Sunday, May 18, 2008

Robert Redford, MLB in business

  • The power of distraction...and the popularity of meaningless self-flagellation.
(By Filip Bondy, NY Daily News, 4/21-4/22/08): "Tonight at Fenway, ...a public service video,

(Bondy): "It was at a 2003 meeting of the NRDC board at Sundance that actor and conservationist Robert Redford first devised this new strategy.

He told members in attendance that sports was the new opiate of the people, that it was a prime reason masses weren't revolting in the street. At the same time, sports provided a unique opportunity to connect to nontraditional allies, who might adopt a greener attitude."

  • (Blog note re Robert Redford from IMDB: "Mid-1950s:

(Redford) Was a pitcher on the University of Colorado baseball team."

"It's difficult to compete, because $1 trillion, four percent of our GNP, subsidizes global warming - the coal plants, the mines, the virgin paper mills, pesticides based on petroleum. But we ask, 'How can we get you rich while advancing environmental efforts?' And these are changes that can't be rolled back by an uncooperative administration or president."

  • Selig embraced the alliance.

Recycling bins were set up in ballparks around the country. Programs were printed with recycled paper. Soon companies such as Coke and Aramark were making adjustments - like turning off vending machines for several hours per day whenever there was no game in progress.

  • ...Athletes infamous for their big cars and substantial lifestyles are being recruited to the cause of environmentalism, which is

Tonight at Fenway, the president of NRDC, John Adams, will throw out the first pitch.

  • A public service video, narrated by Redford and co-sponsored by MLB, will be shown.

It is a night game, however, and the lights will glare....Five or six dozen baseballs will be used. Bats from precious ash trees will be smashed into shards. At 10 p.m. or so, thousands will drive home in gas-guzzling cars to the distant Boston suburbs."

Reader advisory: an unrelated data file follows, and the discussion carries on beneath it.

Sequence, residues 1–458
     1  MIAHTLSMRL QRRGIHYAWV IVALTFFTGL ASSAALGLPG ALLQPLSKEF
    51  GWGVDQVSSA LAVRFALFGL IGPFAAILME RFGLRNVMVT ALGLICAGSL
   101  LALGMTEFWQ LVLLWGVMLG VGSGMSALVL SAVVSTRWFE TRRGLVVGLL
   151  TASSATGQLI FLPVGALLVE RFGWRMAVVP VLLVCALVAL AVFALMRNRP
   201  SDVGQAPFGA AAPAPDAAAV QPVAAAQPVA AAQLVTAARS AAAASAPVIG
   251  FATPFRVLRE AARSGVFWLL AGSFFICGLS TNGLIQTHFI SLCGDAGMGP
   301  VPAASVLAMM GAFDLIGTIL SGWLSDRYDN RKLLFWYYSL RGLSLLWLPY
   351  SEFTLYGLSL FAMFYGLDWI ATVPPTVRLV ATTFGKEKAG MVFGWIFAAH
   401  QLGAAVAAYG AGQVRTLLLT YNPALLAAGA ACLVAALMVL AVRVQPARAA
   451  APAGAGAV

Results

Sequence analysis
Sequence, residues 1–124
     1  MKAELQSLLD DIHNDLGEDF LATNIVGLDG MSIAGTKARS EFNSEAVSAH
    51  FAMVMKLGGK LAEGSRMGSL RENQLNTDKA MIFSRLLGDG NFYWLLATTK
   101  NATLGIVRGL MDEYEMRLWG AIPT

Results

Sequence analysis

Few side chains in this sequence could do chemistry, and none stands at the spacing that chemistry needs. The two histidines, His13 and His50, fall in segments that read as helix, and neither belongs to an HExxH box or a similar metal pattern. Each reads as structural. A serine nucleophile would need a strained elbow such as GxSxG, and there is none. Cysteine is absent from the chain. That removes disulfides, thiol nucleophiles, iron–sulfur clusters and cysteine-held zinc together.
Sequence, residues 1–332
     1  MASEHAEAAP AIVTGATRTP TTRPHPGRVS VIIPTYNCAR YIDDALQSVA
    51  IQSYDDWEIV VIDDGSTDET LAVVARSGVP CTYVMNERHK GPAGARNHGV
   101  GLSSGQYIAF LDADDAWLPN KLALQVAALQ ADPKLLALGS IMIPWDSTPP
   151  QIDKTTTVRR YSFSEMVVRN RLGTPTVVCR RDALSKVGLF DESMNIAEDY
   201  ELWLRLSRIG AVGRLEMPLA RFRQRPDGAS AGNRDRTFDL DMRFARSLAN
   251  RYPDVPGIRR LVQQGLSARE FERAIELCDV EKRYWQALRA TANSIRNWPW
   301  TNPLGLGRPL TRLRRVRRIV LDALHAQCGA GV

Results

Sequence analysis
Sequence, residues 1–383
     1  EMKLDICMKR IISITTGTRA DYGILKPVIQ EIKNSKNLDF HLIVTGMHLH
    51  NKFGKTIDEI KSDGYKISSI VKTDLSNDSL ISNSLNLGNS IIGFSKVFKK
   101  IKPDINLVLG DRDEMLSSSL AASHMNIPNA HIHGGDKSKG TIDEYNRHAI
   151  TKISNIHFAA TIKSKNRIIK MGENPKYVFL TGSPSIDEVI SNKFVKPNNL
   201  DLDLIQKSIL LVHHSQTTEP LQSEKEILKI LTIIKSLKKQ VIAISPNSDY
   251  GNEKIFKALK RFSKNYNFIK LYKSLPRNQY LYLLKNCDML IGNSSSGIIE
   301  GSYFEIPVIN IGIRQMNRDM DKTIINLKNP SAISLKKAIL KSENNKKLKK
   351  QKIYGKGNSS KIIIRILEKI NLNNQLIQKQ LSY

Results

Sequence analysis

• (Oh, the "eco-ignorant masses").
  • (Earlier in the same article):

(Bondy): "It is an ecological horror show, and the one good thing that can be said about our favorite pastimes is that these sports are becoming fresh laboratories for reform. People in high and visible places - from Robert Redford to Bud Selig - have come to understand* that America's

  • games can spur change among corporate partners and

"We're not going to get rid of night games," said Dr. Allen Hershkowitz, senior scientist at the National Resources Defense Council. "We're not going to change how the business works. This is going to take a long time. But getting baseball to embrace ecology allows us to take all politics out of the discussion of climate change, and it allows us to reach out to nontraditional allies."

  • (Right). sm

From NY Daily News article by Filip Bondy, "Shea, Meadowlands Among Facilities Helping Spread Green Message," 4/22/08

  • *This presumes it's something Bondy "understands."

Sunday, May 11, 2008

Red Sox bid$18 million for Clemens in May 2007--Gordon Edes, Boston Globe 5/6/07

MINNEAPOLIS - "The Red Sox had their chance to pre-empt Roger Clemens's elaborately staged announcement Sunday afternoon that he had agreed to pitch for the New York Yankees again.

Clemens's agent, Randy Hendricks, was in Boston last week for meetings with Sox brass Tuesday and Wednesday

Sox CEO Larry Lucchino, according to club sources, thought Clemens was still days from making a decision - Lucchino believed this Thursday was the operative date - leaving the Sox time to tweak their offer if they chose.

Instead, the next time the Sox heard from the Clemens camp was Sunday afternoon, when general manager Theo Epstein received a courtesy call from Hendricks - a similar one was placed to Houston GM Tim Purpura - informing him Clemens had elected to sign elsewhere.

  • And a couple of hours later, there was Clemens, holding a microphone in the box belonging to Yankees owner George Steinbrenner, announcing during the seventh-inning stretch of the Yankees-Mariners game that he was putting on pinstripes again, legendary PA announcer Bob Sheppard alerting the crowd of 52,553 ''of a very special announcement.''

The Sox' offer would have paid Clemens $3 million a month; including the tax, the Sox would have paid $4.2 million for the seven-time Cy Young Award winner, who turns 45 in August. Hendricks maintained a factor in Clemens's decision was that the Sox didn't want Clemens until late June and Clemens wanted to come back sooner. Club sources insist that was not the case, and that Hendricks had raised the issue of the timing of the pitcher's return almost as an afterthought.

Club executives, including Epstein and Lucchino, declined to comment. The team released a statement which, in part, read:

  • ''We offered a substantial salary and suggested, for health purposes, that Clemens return on approximately the same timetable as last year. Today we learned from Randy that Clemens has signed elsewhere.''

Even if the Sox had been given a chance to make a counter-offer, club sources said there is no way they would have come close to the Yankees' bid. New York's willingness to lay out that kind of money, in the Sox' view, was a reflection of the desperate straits the Yankees were are in, pitching-wise, though the Sox fully anticipated that with or without Clemens, the Yankees would have been tough to beat in the AL East....